Anyone who has watched a parent or grandparent start to wane can sometimes be in denial and like I did, think along the lines of, “Well, the next time I see them, they’ll be back to their old self.” That never happens. That’s not what Mother Nature intended. Benjamin Button is fiction and far away from the truth.

I think that’s how Democrats have been treating Joe Biden, as if the next time they see him, he’ll be the younger version of himself — a spring in his step as opposed to a shuffle, roaring oratory versus a raspy voice, instant recall instead of a hem and haw. Sure, there are good days, and bad days. The State of the Union was profound. But in due time, bad days start to outnumber the good.

And so often, we are reluctant, even afraid to tell that grandparent or parent that the time has come to make adjustments to compensate for the walk, the voice, the memory. No one – and I mean no one — wants to tell someone they’re getting old, and it’s time to give in to that and go to assisted living, for example.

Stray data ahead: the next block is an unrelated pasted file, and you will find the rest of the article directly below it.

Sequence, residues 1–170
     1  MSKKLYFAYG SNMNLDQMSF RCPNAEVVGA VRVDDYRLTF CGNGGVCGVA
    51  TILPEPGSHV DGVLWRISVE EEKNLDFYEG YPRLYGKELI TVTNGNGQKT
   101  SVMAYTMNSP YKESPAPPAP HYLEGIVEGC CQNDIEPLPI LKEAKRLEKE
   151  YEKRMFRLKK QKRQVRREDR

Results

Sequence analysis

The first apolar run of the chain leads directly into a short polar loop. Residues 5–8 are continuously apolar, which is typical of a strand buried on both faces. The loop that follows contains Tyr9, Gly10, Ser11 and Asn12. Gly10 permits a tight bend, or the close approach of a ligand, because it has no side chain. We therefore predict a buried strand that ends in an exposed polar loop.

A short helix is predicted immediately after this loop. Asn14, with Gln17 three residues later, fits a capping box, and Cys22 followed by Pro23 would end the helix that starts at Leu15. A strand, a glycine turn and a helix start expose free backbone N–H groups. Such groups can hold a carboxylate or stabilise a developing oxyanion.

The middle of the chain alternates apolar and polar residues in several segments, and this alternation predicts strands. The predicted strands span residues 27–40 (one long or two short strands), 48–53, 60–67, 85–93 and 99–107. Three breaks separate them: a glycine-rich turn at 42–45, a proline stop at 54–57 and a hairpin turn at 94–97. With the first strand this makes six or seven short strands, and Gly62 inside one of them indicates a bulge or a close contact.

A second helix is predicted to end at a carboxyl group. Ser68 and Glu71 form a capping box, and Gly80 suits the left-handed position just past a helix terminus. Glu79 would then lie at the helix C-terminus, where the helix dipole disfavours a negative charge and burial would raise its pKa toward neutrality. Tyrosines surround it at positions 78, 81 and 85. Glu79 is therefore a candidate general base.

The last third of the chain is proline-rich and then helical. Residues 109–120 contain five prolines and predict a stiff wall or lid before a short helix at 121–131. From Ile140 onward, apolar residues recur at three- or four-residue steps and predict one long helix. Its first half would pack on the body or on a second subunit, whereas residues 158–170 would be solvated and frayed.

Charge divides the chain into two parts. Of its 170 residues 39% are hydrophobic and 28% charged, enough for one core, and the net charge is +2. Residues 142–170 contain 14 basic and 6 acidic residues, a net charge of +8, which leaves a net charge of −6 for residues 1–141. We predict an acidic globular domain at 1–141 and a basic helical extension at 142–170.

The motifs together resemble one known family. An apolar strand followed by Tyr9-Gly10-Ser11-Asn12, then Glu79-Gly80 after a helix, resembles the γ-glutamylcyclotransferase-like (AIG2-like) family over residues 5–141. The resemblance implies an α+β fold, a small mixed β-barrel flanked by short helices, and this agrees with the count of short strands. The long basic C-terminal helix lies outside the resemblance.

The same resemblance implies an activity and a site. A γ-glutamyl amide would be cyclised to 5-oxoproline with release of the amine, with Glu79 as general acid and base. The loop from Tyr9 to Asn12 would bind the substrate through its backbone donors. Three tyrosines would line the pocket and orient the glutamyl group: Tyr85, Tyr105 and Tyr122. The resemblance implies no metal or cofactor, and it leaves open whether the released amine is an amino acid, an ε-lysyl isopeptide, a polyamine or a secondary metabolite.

Even worse, not only does hardly any parent or grandparent want to admit to aging, but they don't even want to hear it. “I am fine. Leave me alone,” they say.

Who is going to tell Joe Biden that it’s that time? I can’t think of anyone outside of his wife. His kids arguably can’t tell them because he’s their father, and a parent has to remain stronger than his kids. That’s the way it’s supposed to be. And are the octogenarian leaders of the party like Nancy Pelosi and Chuck Schumer going to tell him? Or the youthful House Minority Leader Hakeem Jeffries? It’s hard to see that happening.

Biden’s situation is compounded by the fact that he is president of the United States. You are the most powerful person on Earth. To admit you are decreasing and fading might be a red flag to our adversaries that the United States is a reflection of that.

Biden, his family, and Democrats must confront the fact that this election is much too important to turn a blind eye to what is happening — the natural cycle of life and the diminishing of the human body that cannot be erased or turned around.